In 2015, Don Berns, the former CFNY (Toronto) program director (1987-88), assistant PD and music director (1985-87) and on-air personality (1985-92) from the station’s Spirit of Radio years died at age 67, after a heart attack the previous day.
Also in 2015, Orrin Keepnews, who as a record company executive and producer helped create some of the most celebrated jazz recordings over a half-century, died at age 91. A four-time Grammy Award winner, Keepnews was a jazz journalist, essayist and writer of album notes as well as the producer of enduring albums by the likes of the tenor saxophonist Sonny Rollins and pianists Thelonious Monk and Bill Evans.
In 2016, Seattle-born soprano Martha Wright died at age 92. She began singing on Seattle radio stations at age 17, then moved to New York where she was signed to perform on WOR Radio. She was a frequent guest on NBC-TV’s Bell Telephone Hour, and sang on her own Martha Wright Show on ABC -TV. For more than three years she starred on Broadway in South Pacific.
Also in 2016, UK screenwriter Tony Warren, whose #1 claim to fame was as creator of ITV’s longrunning soap Coronation Street, died after a short illness at age 79.
Still in 2016, Gayle McCormick, a big-voiced singer with a top five hit in the late ’60s with the soul/psych rock band Smith before going solo, died following a lengthy battle with cancer at age 67.
In 2018, Ottawa’s Alex Buchanan, better known by his stage name Bender as an underground hip hop artist, died at age 37, reportedly a victim of sleep apnea.
In 2019, new owner AT&T was expected within days to officially break down the corporate walls and fiefdoms that had long been a way of life at Time Warner’s HBO, Turner and Warner Bros. units.
Singer Harry Belafonte is 96.
Singer Mike D’Abo of Manfred Mann is 79.
Singer Roger Daltrey is 79.
Actor Dirk Benedict (A-Team, Battlestar Gallactica) is 78.
Actress Lana Wood (Peyton Place, The Long Hot Summer) is 77.
Actor Chuck Zito (Sons of Anarchy, Oz) is 70.
Actor-director Ron Howard (Andy Griffith Show, Happy Days) is 69.
Actress Camille Mitchell (Smallville, Legion) is 69.
Country singer Janis Oliver Cummins aka Janis Gill of Sweethearts of the Rodeo is 69.
Actress Catherine Bach (The Dukes of Hazzard) is 69.
Actor Tim Daly (Madam Secretary, Private Practice, Wings, The Fugitive) is 67.
Keyboardist Jon Carroll (Starland Vocal Band) is 66.
Bassist Bill Leen (Gin Blossoms) is 61.
Actor Russell Wong (Vanishing Son, Black Sash) is 60.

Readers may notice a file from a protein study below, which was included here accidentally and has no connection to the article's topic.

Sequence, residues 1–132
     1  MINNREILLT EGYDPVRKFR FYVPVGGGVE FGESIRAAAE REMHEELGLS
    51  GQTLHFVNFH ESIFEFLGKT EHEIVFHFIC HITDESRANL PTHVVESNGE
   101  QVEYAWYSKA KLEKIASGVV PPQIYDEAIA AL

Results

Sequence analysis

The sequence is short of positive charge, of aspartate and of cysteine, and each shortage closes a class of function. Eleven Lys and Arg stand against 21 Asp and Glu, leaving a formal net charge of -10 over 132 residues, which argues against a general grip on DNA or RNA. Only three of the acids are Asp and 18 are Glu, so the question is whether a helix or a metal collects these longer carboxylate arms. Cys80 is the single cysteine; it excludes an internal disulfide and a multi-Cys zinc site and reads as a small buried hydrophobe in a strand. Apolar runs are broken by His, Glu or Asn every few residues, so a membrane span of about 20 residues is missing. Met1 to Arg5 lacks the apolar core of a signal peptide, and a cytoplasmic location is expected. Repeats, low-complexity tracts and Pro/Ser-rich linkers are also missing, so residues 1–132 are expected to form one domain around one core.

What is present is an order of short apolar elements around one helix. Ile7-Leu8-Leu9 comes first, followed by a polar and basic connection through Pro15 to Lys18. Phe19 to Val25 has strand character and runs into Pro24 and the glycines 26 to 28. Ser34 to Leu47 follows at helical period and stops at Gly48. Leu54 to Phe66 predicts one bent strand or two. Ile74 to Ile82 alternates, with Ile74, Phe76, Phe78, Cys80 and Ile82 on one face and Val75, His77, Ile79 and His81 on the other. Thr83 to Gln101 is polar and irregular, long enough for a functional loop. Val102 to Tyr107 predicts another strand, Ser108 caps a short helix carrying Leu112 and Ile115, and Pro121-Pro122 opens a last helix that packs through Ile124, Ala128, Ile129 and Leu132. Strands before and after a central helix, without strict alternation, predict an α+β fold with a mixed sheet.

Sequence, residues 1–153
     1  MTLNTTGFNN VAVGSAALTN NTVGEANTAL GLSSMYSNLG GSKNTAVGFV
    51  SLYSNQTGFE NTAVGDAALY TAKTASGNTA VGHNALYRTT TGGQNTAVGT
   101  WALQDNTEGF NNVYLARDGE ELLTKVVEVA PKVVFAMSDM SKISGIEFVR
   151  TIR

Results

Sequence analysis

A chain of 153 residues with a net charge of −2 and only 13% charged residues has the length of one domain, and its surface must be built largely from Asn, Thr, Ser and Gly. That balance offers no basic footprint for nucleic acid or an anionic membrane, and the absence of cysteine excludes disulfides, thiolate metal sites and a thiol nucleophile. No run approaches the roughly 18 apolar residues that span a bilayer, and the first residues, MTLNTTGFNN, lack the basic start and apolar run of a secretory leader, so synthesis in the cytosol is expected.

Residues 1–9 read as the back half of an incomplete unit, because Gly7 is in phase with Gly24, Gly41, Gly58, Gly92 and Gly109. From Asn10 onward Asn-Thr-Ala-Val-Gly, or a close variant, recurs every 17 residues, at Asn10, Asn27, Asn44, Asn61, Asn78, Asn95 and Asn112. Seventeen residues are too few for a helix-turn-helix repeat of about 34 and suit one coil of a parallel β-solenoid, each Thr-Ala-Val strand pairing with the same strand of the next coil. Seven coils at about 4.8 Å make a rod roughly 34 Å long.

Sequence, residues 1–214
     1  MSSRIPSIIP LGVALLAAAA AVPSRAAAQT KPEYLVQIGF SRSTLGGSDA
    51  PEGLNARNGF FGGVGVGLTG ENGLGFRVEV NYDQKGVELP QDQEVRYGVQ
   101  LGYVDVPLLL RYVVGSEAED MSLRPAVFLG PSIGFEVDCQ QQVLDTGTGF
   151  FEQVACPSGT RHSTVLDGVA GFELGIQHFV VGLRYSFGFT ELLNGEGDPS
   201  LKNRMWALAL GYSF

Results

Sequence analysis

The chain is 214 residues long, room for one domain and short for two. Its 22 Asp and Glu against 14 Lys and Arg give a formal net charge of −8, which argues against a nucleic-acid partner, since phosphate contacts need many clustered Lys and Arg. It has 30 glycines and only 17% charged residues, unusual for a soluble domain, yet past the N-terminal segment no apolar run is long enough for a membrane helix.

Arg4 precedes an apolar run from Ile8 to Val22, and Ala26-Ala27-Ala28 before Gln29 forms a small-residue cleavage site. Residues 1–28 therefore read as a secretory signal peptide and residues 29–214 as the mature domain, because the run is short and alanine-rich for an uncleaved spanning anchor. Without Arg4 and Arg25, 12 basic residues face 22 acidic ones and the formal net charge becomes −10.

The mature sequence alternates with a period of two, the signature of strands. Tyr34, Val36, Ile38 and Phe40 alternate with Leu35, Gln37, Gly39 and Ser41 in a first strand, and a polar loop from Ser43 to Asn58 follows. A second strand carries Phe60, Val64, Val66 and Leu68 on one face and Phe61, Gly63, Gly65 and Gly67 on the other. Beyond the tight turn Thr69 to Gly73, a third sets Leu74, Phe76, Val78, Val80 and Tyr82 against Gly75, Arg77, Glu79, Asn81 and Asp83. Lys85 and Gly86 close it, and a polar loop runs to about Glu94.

Actor Maurice Benard (General Hospital) is 60.
Actor Bryan Batt (Mad Men) is 60.
Singer Jennifer McCarter of the country trio the McCarters is 59.
Actor Chris Eigeman (Malcolm in the Middle, Gilmore Girls, It’s Like You Know) is 58.
Actor Todd Lookinland (The New Land) is 58.
Actor J. D. Cullum (Judging Amy, Campus Cops) is 57.
Country singer Clinton Gregory is 57.
Actor George Eads (C.S.I.) is 57.
Actress Cara Buono (Stranger Things, Person of Interest, Third Watch, Mad Men) is 52.
Alberta-born guitarist Ryan Peake of Nickelback is 50.
Actor Jack Davenport (Smash, FlashForward, Swingtown) is 50.
Actor Mark-Paul Gosselaar (Truth Be Told, Franklin & Bash, Raising the Bar, NYPD Blue, Saved By the Bell) is 49.
Actor Luke Mably (The Gates) is 47.
Ottawa-born actress Emily Holmes (Taken, Ladies’ Night, True Blue) is 46.
“Blues Clues” TV host Donovan Patton is 45.
Director/actor Jensen Ackles (Supernatural, Smallville, Dark Angel) is 45.
Actress Alicia Leigh Willis (General Hospital, American Heiress) is 45.
Actor Adam LaVorgna (7th Heaven, Brooklyn Bridge) is 42.
Writer/director/actor Zach Cregger (The Whitest Kids You Know, Wrecked, Guys With Kids) is 41.
Actor Shawn Toovey (Dr. Quinn Medicine Woman) is 40.
Actress Denise Vasi (All My Children) is 40.
Actress Lupita Nyong’o (Shuga) is 40.
Ontario-born actor John Bregar (Degrassi: The Next Generation, Family Biz, Chop Shop) is 38.
Singer Sammie is 36.
Singer Ke$ha is 36.
Actress Katija Pevec (Just for Kicks) is 35.
Actress Daniella Monet (Victorious, Listen Up) is 34.
Actor Harry Eden (Bleak House) is 33.
Ontario-born singer Justin Bieber is 29.
Chart Toppers – March 1
Accentuate the Positive – Johnny Mercer
I Dream of You – The Tommy Dorsey Orchestra (vocal: Freddy Stewart)
A Little on the Lonely Side – The Frankie Carle Orchestra (vocal: Paul Allen)
I’m Losing My Mind Over You – Al Dexter
Make Love to Me! – Jo Stafford
Young-At-Heart – Frank Sinatra
Cross Over the Bridge – Patti Page
Slowly – Webb Pierce
Hey Paula – Paul & Paula
Ruby Baby – Dion
From a Jack to a King – Ned Miller
The Ballad of Jed Clampett – Flatt & Scruggs
Without You – Nilsson
Hurting Each Other – Carpenters
Precious and Few – Climax
It’s Four in the Morning – Faron Young
I Love a Rainy Night – Eddie Rabbitt
Woman – John Lennon
Keep on Loving You – REO Speedwagon
Are You Happy Baby? – Dottie West
Opposites Attract – Paula Abdul with The Wild Pair
Escapade – Janet Jackson
Dangerous – Roxette
On Second Thought – Eddie Rabbitt
Believe – Cher
Angel – Sarah McLachlan
Angel of Mine – Monica
I Don’t Want to Miss a Thing – Mark Chesnutt
Low – Flo Rida featuring T-Pain
With You – Chris Brown
Don’t Stop The Music – Rihanna
Cleaning This Gun (Come On in Boy) – Rodney Atkins
Today in Broadcast History compiled by Ron Robinson